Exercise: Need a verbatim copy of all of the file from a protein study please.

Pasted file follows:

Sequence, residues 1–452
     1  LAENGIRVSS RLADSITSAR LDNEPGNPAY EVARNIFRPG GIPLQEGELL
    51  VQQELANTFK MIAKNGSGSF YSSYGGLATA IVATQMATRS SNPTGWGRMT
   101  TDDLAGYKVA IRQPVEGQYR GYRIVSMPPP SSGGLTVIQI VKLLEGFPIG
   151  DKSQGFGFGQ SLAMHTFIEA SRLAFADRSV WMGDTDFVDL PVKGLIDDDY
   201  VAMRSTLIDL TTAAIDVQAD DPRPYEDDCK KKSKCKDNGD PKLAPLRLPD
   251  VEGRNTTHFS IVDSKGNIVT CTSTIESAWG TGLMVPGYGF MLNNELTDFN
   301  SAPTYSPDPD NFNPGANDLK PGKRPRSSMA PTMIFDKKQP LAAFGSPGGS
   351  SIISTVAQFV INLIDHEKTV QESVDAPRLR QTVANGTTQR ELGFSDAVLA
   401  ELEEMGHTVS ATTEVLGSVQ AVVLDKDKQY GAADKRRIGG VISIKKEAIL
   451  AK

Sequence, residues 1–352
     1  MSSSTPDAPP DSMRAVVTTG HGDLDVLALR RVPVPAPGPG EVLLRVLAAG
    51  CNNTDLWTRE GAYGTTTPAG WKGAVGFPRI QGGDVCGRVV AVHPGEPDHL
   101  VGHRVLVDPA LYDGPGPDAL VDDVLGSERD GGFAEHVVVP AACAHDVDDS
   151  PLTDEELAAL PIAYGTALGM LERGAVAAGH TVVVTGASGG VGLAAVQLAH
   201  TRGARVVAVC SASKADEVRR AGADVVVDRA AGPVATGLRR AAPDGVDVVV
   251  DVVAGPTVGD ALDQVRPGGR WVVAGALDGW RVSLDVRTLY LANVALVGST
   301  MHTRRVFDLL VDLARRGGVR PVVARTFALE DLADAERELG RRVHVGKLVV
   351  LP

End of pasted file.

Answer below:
Sequence, residues 1–452
     1  LAENGIRVSS RLADSITSAR LDNEPGNPAY EVARNIFRPG GIPLQEGELL
    51  VQQELANTFK MIAKNGSGSF YSSYGGLATA IVATQMATRS SNPTGWGRMT
   101  TDDLAGYKVA IRQPVEGQYR GYRIVSMPPP SSGGLTVIQI VKLLEGFPIG
   151  DKSQGFGFGQ SLAMHTFIEA SRLAFADRSV WMGDTDFVDL PVKGLIDDDY
   201  VAMRSTLIDL TTAAIDVQAD DPRPYEDDCK KKSKCKDNGD PKLAPLRLPD
   251  VEGRNTTHFS IVDSKGNIVT CTSTIESAWG TGLMVPGYGF MLNNELTDFN
   301  SAPTYSPDPD NFNPGANDLK PGKRPRSSMA PTMIFDKKQP LAAFGSPGGS
   351  SIISTVAQFV INLIDHEKTV QESVDAPRLR QTVANGTTQR ELGFSDAVLA
   401  ELEEMGHTVS ATTEVLGSVQ AVVLDKDKQY GAADKRRIGG VISIKKEAIL
   451  AK

Sequence, residues 1–352
     1  MSSSTPDAPP DSMRAVVTTG HGDLDVLALR RVPVPAPGPG EVLLRVLAAG
    51  CNNTDLWTRE GAYGTTTPAG WKGAVGFPRI QGGDVCGRVV AVHPGEPDHL
   101  VGHRVLVDPA LYDGPGPDAL VDDVLGSERD GGFAEHVVVP AACAHDVDDS
   151  PLTDEELAAL PIAYGTALGM LERGAVAAGH TVVVTGASGG VGLAAVQLAH
   201  TRGARVVAVC SASKADEVRR AGADVVVDRA AGPVATGLRR AAPDGVDVVV
   251  DVVAGPTVGD ALDQVRPGGR WVVAGALDGW RVSLDVRTLY LANVALVGST
   301  MHTRRVFDLL VDLARRGGVR PVVARTFALE DLADAERELG RRVHVGKLVV
   351  LP